After Republican Rep. Paul Ryan’s list of demands that had to be met in order for him to consider deigning Republicans in the House of Representatives with his candidacy for Speaker became public, Ryan quickly became the subject of scorn among many conservatives.
Conservative media pundits chafed at Paul Ryan’s list of conditions upon which he would agree to the speakership, mocking him as “Emperor Ryan” and “King Paul.”
Ryan, the reluctant draftee to one of the most powerful offices in the United States, on Tuesday night said fine, he’ll do it, but only on his own terms. Among them: endorsements from all the major caucuses in the GOP conference, time with his family and tweaking a rule to make it harder to toss the speaker out of office.
The demands aren’t going over well in right-wing media.
At one point on Drudge Report, headlines blared: “KING PAUL: PLEDGE YOUR ALLEGIANCE TO ME,” “DO IT BY FRIDAY,” “HE’S A DEM FAVORITE,” “OBAMA’S NEW PARTNER,” ‘F’ conservative rating,” and “WANTS TO SCRAP THOMAS JEFFERSON’S RULE.”
“[Ryan] wants to get elected after it is made impossible to get rid of him, then he will really get into specifics … Amnesty anyone?” Red State founder Erick Erickson wrote. “This would be a terrible, terrible deal for House Conservatives. It would gut their ability to pull the House Republicans to the right.”
Asked by The Hill to comment on conservative criticism of his demands, Rep. Ryan defended his desire to continue working part-time for $170,000 per year.
“Hey look, I’m here four days a week as it is,” Ryan said Wednesday when asked by The Hill whether he was surprised by the blowback. “I’m not going to spend the other three days a week running around America.”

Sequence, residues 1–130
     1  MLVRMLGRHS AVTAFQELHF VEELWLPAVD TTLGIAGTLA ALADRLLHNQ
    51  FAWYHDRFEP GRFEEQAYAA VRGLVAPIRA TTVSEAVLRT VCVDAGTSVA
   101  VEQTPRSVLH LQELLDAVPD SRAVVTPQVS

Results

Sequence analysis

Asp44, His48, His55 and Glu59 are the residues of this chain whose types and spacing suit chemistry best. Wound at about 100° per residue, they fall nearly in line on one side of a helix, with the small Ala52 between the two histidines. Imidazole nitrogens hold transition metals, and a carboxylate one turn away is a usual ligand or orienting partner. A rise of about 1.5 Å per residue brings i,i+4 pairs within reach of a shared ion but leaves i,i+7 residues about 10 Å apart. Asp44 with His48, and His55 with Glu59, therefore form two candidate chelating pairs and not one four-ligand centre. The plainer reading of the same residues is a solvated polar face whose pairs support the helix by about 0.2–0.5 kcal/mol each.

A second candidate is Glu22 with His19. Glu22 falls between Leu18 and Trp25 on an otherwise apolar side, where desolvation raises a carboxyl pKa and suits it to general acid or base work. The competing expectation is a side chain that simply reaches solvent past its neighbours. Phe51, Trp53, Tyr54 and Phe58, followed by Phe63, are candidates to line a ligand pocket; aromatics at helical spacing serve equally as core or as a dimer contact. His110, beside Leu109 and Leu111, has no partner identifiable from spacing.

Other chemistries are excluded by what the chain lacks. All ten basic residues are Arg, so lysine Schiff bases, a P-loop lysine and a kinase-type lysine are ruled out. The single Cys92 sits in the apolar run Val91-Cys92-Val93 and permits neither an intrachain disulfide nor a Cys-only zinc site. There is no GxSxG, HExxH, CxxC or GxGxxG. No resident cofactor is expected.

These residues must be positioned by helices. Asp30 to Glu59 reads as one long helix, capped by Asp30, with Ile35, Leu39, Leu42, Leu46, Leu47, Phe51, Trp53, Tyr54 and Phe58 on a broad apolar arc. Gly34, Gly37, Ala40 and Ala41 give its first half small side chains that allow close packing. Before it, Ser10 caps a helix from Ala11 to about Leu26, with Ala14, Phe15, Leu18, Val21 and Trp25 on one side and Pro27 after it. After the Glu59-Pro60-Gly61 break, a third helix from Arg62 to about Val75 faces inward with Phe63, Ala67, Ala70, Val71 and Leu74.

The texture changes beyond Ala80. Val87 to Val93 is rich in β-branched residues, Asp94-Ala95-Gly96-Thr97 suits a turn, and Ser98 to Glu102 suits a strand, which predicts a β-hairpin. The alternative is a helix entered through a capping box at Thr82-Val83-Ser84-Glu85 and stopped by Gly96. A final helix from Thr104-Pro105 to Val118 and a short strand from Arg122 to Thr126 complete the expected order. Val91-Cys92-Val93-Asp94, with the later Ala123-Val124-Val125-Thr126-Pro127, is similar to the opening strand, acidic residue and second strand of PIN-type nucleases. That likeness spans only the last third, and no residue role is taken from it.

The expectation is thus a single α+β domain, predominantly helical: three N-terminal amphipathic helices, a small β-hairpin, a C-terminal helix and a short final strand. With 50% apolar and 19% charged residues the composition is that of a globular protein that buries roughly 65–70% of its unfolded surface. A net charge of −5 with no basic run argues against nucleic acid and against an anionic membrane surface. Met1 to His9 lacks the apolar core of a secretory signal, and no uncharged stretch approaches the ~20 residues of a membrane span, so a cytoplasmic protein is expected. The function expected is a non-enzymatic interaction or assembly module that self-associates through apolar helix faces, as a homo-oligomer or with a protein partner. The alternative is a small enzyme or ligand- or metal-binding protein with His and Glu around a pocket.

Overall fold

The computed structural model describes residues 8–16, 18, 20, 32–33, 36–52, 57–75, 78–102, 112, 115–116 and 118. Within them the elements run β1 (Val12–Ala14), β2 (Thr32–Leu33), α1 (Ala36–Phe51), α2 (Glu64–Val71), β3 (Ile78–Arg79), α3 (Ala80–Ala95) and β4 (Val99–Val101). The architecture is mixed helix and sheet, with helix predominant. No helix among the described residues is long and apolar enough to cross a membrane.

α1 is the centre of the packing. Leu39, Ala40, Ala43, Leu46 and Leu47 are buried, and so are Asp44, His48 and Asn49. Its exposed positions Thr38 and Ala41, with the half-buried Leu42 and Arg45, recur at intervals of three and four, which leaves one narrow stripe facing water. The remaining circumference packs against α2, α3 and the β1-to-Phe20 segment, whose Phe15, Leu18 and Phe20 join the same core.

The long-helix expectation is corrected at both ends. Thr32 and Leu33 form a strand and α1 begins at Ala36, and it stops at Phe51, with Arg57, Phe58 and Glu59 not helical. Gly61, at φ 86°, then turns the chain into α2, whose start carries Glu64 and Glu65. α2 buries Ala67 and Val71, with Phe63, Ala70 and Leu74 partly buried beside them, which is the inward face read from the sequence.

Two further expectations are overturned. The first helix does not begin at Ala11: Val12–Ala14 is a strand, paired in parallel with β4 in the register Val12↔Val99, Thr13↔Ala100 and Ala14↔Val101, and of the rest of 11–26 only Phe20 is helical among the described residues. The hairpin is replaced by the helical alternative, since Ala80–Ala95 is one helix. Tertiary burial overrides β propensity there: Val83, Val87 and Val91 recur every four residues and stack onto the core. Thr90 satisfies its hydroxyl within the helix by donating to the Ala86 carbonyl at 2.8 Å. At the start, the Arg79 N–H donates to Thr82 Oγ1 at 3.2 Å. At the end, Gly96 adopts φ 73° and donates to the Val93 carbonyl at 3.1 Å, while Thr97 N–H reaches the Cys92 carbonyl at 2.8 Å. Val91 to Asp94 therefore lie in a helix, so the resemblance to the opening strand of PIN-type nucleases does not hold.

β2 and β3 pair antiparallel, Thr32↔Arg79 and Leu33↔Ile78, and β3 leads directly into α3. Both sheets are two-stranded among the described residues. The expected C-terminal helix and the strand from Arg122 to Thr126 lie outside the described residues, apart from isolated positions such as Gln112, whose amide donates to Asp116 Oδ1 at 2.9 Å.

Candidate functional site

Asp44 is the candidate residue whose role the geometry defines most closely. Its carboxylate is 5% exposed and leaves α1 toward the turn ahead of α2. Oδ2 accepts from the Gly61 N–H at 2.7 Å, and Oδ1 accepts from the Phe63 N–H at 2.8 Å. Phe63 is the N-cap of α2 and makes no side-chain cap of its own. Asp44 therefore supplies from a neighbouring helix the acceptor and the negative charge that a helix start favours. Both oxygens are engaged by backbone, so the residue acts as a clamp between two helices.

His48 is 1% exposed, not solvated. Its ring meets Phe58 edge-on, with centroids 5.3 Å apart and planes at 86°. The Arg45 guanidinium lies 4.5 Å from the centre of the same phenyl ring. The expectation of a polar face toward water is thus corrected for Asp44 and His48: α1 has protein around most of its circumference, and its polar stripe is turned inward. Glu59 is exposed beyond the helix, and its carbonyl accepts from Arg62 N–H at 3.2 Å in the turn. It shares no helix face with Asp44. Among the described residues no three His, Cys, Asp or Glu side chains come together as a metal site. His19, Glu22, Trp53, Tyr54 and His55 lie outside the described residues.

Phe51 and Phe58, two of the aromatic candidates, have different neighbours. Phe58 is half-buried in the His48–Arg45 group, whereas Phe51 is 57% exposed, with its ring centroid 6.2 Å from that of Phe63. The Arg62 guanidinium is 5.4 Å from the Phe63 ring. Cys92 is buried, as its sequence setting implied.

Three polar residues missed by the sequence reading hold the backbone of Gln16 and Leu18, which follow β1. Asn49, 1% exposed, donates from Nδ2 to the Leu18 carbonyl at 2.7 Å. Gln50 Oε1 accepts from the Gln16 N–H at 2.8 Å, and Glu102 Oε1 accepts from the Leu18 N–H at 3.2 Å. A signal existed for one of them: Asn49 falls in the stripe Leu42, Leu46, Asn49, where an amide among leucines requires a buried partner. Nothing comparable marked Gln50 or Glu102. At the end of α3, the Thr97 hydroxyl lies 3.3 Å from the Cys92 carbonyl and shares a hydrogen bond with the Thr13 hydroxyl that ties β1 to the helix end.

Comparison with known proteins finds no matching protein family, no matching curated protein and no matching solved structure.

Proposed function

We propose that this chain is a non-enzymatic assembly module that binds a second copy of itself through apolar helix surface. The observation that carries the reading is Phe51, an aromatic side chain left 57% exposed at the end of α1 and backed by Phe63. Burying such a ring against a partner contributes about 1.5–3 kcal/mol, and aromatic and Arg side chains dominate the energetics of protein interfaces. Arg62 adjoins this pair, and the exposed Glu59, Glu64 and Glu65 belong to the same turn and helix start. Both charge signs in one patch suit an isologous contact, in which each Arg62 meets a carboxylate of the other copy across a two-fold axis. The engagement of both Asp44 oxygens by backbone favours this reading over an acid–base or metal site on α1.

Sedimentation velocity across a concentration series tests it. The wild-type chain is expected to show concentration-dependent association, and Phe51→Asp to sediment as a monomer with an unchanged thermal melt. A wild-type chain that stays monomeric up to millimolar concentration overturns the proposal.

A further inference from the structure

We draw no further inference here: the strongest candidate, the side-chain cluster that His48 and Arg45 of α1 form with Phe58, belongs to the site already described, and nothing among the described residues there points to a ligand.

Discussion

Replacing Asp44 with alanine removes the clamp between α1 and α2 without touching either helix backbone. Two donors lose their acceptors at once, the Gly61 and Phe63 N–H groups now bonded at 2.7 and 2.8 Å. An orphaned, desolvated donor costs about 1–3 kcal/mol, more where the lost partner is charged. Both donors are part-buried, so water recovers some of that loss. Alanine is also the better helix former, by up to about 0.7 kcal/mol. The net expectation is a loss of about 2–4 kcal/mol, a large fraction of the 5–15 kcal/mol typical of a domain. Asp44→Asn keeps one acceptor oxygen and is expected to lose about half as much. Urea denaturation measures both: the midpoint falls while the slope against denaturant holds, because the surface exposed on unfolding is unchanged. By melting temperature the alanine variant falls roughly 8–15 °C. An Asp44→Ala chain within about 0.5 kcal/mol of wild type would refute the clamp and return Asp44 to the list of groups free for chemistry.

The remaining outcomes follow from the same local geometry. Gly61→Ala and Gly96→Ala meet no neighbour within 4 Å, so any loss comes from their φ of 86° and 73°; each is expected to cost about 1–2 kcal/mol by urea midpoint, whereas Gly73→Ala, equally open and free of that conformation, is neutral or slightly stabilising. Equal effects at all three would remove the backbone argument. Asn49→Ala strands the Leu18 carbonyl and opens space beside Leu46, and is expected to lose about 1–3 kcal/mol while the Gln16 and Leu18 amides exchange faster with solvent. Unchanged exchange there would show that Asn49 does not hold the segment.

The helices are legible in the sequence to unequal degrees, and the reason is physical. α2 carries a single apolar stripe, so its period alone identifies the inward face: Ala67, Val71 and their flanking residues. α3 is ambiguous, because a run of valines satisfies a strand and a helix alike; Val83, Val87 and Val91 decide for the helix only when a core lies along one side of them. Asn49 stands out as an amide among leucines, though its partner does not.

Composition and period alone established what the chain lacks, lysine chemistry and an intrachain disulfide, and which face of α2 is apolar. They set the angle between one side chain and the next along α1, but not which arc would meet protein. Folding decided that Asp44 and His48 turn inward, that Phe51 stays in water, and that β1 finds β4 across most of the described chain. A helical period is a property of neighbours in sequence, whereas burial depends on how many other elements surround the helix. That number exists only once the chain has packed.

Rep. Ryan’s demands to only have to work four days a week is particularly rich given that he’s pushed an agenda that would make balancing work and family more difficult for others.
But while Ryan seeks to preserve his own balance between his work and his family, he’s pushed policies that would make doing so more difficult for others, particularly poor parents.
Ryan has put forth a number of budgets and policy proposals that call for deep spending cuts. Some of those cuts take aim at an important tool for poor parents: child care subsidies. The sky-high cost of child care in the U.S. can dwarf a parent’s income, particularly a low-income parent. Child care subsidies help defray that cost, allowing a parent to find a place to leave their children while going to work and knowing that they don’t have to rely on family members or unsafe, unstable arrangements. Without them, however, poor parents can face a tough choice between continuing to work and simply staying home because the cost is too high.
At the same time, however, he’s often said that more poor people need to be in the workforce and combat what he sees as a “culture problem” where they don’t value work. He has often cited the welfare reform enacted in the 1990s as a model of success. But by imposing incredibly strict work requirements in the name of forcing more poor people to work, the changes ensured that people who rely on cash benefits, mostly poor, single mothers, have had to hunt down any kind of job to stay enrolled. That can quickly eat into their work/family balance and take them away from time they may have spent raising their children. Today, any poor mother who needs welfare but also wishes to spend time at home raising her children will find it tough to do so.
Ryan is fortunate to have a job where he has the power to demand time to go home and be with his children. But for the rest of the country, no one is guaranteed paid time off for illness, holidays, vacation, or the arrival of a new child. Even the weekend he uses to be with his family is not uniformly protected by law. Without paid family leave, many mothers end up back at work just weeks after giving birth. Without paid sick leave, parents can’t take time away from their jobs to care for their children if they get sick.
At this point I think Paul Ryan would be taken more seriously if he asked for a pony, because he’s certainly not having any luck with his current list of demands.